Keywords: cement, greenhouse gases, landfills, sustainable, waste materials

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1904 Ingenious Use of Hypo Sludge in M25 Concrete

Authors: Abhinandan Singh Gill

Abstract:

Paper mill sludge is one of the major economic and environmental problems for paper and board industry, million tonnes quantity of sludge is produced in the world. It is essential to dispose these wastes safely without affecting health of human being, environment, fertile land; sources of water bodies, economy as it adversely affect the strength, durability and other properties of building materials based on them. Moreover, in developing countries like India where there is low availability of non-renewable resources and large need of building material like cement therefore it is essential to develop eco-efficient utilization of paper sludge. Primarily in functional terms paper sludge comprises of cellulose fibers, calcium carbonate, china clay, low silica, residual chemical bonds with water. The material is sticky and full of moisture content which is hard to dry. The manufacturing of paper usually produce loads of solid waste. These paper fibers are recycled in paper mills to limited number of times till they become weak to produce high quality paper. Thereafter, these left out small and weak pieces called as low quality paper fibers are detached out to become paper sludge. The material is by-product of de-inking and re-pulping of paper. This hypo sludge includes all kinds of inks, dyes, coating etc inscribed on the paper. This paper presents an overview of the published work on the use of hypo sludge in M25 concrete formulations as a supplementary cementitious material exploring its properties such as compressive strength, splitting and parameters like modulus of elasticity, density, applications and most importantly investigation of low cost concrete by using hypo sludge are presented.

Keywords: Concrete, sludge waste, hypo sludge, supplementary cementitious material.

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1903 Alkali Silica Reaction Mitigation and Prevention Measures for Arkansas Local Aggregates

Authors: Amin Kamal Akhnoukh, Lois Zaki Kamel, Magued Mourad Barsoum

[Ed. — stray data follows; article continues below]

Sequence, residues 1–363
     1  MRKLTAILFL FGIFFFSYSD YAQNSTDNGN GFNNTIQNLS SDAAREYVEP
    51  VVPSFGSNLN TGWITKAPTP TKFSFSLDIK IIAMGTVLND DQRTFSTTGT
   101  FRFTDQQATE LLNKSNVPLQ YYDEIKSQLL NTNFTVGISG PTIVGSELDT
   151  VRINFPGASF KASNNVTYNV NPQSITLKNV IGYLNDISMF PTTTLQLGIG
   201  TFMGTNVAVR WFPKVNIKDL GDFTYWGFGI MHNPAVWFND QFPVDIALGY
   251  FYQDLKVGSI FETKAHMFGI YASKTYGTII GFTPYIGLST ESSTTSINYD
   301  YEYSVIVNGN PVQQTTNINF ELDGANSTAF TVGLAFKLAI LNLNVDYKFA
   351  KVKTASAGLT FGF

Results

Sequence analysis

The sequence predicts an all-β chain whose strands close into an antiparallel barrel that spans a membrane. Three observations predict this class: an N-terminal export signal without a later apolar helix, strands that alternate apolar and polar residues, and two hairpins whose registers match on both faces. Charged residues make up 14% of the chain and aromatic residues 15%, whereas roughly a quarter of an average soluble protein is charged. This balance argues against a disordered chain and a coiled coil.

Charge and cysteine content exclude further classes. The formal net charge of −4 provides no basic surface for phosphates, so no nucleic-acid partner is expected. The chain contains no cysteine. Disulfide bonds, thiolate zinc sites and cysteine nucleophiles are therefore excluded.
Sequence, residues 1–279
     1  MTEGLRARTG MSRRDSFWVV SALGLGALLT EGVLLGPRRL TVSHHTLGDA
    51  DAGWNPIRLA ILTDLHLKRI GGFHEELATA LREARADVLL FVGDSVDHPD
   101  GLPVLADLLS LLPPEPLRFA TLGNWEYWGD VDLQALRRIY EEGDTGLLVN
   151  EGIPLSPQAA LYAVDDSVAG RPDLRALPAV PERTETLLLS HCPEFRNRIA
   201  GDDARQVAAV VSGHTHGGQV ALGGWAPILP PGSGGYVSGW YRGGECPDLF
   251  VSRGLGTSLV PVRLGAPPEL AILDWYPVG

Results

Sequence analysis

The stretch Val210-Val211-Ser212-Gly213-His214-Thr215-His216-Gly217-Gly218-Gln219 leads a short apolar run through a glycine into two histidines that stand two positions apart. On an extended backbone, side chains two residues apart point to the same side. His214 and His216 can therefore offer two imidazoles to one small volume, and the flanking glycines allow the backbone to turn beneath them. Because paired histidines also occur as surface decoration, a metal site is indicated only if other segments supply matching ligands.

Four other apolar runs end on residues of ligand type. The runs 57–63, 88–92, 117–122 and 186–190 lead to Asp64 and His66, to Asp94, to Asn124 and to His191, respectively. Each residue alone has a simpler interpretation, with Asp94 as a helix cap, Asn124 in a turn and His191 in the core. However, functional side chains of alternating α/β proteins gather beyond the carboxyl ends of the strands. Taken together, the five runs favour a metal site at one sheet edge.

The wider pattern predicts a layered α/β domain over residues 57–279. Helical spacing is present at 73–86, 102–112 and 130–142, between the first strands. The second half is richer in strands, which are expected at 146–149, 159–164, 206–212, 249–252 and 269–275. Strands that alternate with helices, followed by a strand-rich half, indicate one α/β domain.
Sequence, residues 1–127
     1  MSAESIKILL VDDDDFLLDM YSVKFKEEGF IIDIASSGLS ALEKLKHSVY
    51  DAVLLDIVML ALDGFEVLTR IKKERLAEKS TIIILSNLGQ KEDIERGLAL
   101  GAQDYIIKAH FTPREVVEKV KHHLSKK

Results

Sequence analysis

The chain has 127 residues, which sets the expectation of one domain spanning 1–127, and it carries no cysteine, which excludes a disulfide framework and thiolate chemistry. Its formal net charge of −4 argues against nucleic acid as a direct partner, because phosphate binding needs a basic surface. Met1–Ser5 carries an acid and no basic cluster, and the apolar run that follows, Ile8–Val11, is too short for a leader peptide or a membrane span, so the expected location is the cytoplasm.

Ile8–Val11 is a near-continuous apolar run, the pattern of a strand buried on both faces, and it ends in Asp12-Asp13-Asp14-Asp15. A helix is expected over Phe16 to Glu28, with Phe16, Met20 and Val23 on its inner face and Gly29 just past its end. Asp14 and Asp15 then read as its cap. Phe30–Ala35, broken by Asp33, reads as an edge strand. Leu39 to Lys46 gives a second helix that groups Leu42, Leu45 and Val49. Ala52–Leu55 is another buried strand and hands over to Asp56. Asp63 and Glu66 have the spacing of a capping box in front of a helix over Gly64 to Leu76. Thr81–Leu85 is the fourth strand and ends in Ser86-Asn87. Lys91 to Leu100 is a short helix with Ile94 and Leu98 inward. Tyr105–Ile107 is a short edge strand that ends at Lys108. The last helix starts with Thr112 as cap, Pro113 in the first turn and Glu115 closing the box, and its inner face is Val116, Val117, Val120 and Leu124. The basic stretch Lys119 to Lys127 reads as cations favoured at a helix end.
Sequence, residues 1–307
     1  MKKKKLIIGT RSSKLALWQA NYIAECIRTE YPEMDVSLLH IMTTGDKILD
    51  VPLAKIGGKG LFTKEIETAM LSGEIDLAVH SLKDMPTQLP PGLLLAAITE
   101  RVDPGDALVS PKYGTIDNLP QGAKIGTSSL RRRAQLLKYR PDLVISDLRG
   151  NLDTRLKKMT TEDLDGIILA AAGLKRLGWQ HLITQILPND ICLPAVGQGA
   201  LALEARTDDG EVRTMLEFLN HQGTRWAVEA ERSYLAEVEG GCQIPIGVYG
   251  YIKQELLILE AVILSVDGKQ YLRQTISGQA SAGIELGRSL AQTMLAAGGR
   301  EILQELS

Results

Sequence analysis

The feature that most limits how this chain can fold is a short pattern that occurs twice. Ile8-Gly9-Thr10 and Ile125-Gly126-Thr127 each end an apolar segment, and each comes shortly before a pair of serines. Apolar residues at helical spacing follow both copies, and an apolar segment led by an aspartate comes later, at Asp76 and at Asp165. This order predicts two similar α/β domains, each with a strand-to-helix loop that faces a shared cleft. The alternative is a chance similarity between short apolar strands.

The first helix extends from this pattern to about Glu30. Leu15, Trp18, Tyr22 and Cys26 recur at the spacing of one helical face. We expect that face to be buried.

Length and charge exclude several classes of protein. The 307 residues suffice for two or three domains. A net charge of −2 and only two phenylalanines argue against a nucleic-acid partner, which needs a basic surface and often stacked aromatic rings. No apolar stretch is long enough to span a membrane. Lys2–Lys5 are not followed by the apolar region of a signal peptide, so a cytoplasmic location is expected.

Abstract:

The objective of this research is to mitigate and prevent the alkali silica reactivity (ASR) in highway construction projects. ASR is a deleterious reaction initiated when the silica content of the aggregate reacts with alkali hydroxides in cement in the presence of relatively high moisture content. The ASR results in the formation of an expansive white colored gel-like material which forms the destructive tensile stresses inside hardened concrete. In this research, different types of local aggregates available in the State of Arkansas were mixed and mortar bars were poured according to the ASTM specifications. Mortar bars expansion was measured versus time and aggregates with potential ASR problems were detected. Different types of supplementary cementitious materials (SCMs) were used in remixing mortar bars with highly reactive aggregates. Length changes for remixed bars proved that different types of SCMs can be successfully used in reducing the expansive effect of ASR. SCMs percentage by weight is highly dependent on the SCM type. The result of this study will help avoiding future losses due to ASR cracking in construction project and reduce the maintenance, repair, and replacement budgets required for highways network.

Keywords: Alkali Silica Reaction, Aggregates, Moisture, Cracks, Mortar Bar Test supplementary cementitious materials.

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1902 The Development of a Low Carbon Cementitious Material Produced from Cement, Ground Granulated Blast Furnace Slag and High Calcium Fly Ash

Authors: Ali Shubbar, Hassnen M. Jafer, Anmar Dulaimi, William Atherton, Ali Al-Rifaie

Abstract: